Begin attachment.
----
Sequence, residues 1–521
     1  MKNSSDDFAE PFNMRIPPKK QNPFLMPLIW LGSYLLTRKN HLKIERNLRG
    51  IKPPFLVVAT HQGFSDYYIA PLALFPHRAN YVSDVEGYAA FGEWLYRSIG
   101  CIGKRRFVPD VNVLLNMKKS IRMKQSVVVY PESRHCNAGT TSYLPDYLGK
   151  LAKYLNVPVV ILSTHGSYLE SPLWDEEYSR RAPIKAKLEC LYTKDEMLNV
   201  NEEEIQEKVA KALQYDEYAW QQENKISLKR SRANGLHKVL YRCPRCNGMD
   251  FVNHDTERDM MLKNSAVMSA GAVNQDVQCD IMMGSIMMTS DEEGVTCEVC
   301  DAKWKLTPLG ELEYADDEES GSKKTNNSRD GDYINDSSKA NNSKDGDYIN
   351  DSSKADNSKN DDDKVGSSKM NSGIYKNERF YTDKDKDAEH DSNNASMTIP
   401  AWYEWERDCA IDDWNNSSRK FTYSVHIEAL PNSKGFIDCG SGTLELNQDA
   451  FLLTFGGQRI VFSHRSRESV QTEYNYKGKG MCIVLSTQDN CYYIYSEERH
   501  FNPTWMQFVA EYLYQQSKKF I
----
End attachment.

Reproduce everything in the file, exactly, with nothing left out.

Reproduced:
Sequence, residues 1–521
     1  MKNSSDDFAE PFNMRIPPKK QNPFLMPLIW LGSYLLTRKN HLKIERNLRG
    51  IKPPFLVVAT HQGFSDYYIA PLALFPHRAN YVSDVEGYAA FGEWLYRSIG
   101  CIGKRRFVPD VNVLLNMKKS IRMKQSVVVY PESRHCNAGT TSYLPDYLGK
   151  LAKYLNVPVV ILSTHGSYLE SPLWDEEYSR RAPIKAKLEC LYTKDEMLNV
   201  NEEEIQEKVA KALQYDEYAW QQENKISLKR SRANGLHKVL YRCPRCNGMD
   251  FVNHDTERDM MLKNSAVMSA GAVNQDVQCD IMMGSIMMTS DEEGVTCEVC
   301  DAKWKLTPLG ELEYADDEES GSKKTNNSRD GDYINDSSKA NNSKDGDYIN
   351  DSSKADNSKN DDDKVGSSKM NSGIYKNERF YTDKDKDAEH DSNNASMTIP
   401  AWYEWERDCA IDDWNNSSRK FTYSVHIEAL PNSKGFIDCG SGTLELNQDA
   451  FLLTFGGQRI VFSHRSRESV QTEYNYKGKG MCIVLSTQDN CYYIYSEERH
   501  FNPTWMQFVA EYLYQQSKKF I